E-bikes aren’t just a trend, they’re here to stay. They make cycling more accessible and fun to different age groups, demographics, and well, anyone who wants some pedal assistance up a steep hill.
Currently, there is little in the way of e-bike specific infrastructure. Batteries are getting more powerful, as well as smaller, charges are lasting longer, and some batteries are removable – making charging much simpler.
One direct comparison are electric vehicle charging points, which have grown at an expanding rate over the previous decade. The UK government is even looking to make them a requirement for certain new buildings.
So is e-bike charging headed in a similar direction?
E-bike charging points within cycling facilities
While some people will be able to carry their battery to their desk or apartment, there are many more instances where you’d be grateful for a charging point in situ.
If you live in an apartment block with either a basement or externally located cycle parking store, having a charging station within those facilities is essential. The same goes for basement office cycle stores or outdoor shelters.
Including charging station provision as part of wider stores accounts for those with e-bikes, and may even encourage employees to go out and purchase an e-bike and make the switch to active travel.
Locking and security
E-bikes, even at their most affordable, are more expensive than an average bicycle. It does beg the question: are they too expensive to be kept in bike racks at all?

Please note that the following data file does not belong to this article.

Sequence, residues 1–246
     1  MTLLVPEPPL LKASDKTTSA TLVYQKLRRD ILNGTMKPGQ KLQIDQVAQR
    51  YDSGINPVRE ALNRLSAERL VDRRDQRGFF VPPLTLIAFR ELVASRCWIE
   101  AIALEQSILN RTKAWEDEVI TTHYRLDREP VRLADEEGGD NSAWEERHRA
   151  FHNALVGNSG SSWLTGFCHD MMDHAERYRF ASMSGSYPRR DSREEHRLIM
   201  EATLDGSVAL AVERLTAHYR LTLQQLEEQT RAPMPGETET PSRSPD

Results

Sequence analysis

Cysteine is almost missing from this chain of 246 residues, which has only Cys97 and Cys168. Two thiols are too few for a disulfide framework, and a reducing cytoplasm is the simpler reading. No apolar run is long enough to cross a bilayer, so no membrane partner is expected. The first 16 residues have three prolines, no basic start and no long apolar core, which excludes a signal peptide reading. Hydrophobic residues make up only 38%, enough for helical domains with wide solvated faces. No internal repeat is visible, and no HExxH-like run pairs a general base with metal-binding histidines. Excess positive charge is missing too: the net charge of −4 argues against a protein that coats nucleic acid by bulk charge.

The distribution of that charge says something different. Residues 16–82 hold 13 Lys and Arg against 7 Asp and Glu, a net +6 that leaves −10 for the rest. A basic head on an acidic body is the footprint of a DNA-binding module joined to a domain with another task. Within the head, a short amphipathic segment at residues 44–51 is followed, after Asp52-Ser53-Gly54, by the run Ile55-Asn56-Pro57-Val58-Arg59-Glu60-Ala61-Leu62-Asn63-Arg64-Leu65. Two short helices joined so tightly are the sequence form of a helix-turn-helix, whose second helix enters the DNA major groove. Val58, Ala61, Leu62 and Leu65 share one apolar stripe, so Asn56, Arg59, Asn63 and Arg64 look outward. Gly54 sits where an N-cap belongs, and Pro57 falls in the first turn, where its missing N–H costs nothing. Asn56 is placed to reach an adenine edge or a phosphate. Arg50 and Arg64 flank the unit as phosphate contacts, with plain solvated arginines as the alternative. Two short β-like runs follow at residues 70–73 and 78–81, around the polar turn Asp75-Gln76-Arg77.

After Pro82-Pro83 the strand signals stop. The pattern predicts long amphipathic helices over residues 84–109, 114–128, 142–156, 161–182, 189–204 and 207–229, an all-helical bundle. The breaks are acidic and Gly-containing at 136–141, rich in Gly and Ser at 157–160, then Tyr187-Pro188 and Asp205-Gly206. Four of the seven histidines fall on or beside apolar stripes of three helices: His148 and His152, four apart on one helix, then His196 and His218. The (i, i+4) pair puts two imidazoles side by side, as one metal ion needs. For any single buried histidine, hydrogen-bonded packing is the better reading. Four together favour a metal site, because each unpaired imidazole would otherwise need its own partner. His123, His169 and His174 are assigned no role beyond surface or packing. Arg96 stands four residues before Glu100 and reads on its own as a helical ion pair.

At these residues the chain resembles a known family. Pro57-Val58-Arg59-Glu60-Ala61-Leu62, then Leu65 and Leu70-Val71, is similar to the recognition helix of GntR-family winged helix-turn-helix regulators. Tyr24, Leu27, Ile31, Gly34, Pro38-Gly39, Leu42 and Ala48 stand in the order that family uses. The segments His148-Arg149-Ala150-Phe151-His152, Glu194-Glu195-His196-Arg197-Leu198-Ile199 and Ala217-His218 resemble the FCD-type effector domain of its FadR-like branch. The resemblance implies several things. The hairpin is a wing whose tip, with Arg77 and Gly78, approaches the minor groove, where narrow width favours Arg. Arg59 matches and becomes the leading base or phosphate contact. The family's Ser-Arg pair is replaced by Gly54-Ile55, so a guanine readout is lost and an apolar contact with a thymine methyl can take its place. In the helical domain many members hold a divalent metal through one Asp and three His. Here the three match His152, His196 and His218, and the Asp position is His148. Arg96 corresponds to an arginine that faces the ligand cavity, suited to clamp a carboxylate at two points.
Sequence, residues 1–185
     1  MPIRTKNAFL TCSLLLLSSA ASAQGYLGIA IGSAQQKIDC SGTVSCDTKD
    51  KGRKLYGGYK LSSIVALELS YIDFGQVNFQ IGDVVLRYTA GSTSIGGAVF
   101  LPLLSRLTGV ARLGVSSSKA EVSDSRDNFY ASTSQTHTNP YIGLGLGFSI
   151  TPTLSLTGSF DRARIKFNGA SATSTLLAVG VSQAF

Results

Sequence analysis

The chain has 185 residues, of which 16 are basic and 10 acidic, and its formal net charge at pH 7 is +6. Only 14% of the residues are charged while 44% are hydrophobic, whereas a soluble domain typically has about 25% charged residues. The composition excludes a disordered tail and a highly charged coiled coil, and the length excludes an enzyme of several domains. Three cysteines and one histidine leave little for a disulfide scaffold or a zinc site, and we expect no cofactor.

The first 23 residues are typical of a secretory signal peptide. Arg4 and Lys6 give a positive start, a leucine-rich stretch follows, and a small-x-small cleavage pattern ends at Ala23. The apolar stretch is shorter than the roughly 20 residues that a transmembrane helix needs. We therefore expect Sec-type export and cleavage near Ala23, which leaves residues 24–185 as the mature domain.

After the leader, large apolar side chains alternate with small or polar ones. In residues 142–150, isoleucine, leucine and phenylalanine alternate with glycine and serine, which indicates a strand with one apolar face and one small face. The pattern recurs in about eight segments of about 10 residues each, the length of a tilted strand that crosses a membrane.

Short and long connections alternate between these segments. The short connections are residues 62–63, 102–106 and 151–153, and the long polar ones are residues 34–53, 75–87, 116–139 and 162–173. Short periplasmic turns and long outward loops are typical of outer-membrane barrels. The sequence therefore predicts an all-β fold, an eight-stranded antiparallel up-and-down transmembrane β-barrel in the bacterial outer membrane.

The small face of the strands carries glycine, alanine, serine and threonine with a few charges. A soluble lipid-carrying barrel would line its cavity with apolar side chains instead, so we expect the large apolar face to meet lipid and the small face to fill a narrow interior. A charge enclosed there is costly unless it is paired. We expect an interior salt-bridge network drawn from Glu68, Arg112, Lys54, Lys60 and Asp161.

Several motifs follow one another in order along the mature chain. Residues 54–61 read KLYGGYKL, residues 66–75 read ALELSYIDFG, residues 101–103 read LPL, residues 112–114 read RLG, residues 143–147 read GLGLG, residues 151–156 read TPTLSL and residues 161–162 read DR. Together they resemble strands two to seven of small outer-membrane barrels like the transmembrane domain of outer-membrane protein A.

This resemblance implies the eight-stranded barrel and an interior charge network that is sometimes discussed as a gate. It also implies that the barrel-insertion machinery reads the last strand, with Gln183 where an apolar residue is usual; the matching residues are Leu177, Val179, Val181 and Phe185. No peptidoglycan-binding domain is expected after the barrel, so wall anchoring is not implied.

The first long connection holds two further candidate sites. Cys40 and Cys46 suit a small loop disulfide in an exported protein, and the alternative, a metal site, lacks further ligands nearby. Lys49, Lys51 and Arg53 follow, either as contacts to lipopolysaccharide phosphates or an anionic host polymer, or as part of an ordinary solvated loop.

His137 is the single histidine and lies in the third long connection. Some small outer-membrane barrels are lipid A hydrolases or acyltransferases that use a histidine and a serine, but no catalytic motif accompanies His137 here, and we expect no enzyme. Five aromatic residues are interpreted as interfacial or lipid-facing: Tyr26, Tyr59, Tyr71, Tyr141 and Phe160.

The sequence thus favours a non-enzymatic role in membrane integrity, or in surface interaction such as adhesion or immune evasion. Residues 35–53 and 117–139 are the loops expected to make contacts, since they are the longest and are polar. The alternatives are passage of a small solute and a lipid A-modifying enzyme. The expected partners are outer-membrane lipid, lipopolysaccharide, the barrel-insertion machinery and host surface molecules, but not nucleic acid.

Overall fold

For electric folding bikes, lockers offer extra security. For all other e-bikes, having charging stations as a part of secure cycle stores or shelters adds extra security. Keypads or dedicated keycard access are important here.
Charging stations themselves function like a Sheffield stand in terms of locking. That means they’re accessible for cargo e-bikes if spaced correctly, and don’t require any lifting of the bike to use.
A locked compartment for removing and storing the battery means you can keep everything in one place, without having to bring your battery to your desk or apartment.
Beyond privately owned e-bikes, the micro-mobility is set to expand rapidly. Schemes such as Uber/Lime’s Jump bikes provide a dockless system, with swappable batteries that are replaced by the company when necessary.
However, dockless systems aren’t perfect. There are issues with cluttering pavements, and in some cases providing hazards for disabled and visually impaired pedestrians. Moreover, research is suggesting that to encourage wider microbility usage, the locations of fleets is paramount.
So could we see universal e-bike docking stations? They, in theory, have the potential to service both rental fleets as well as private e-bikes.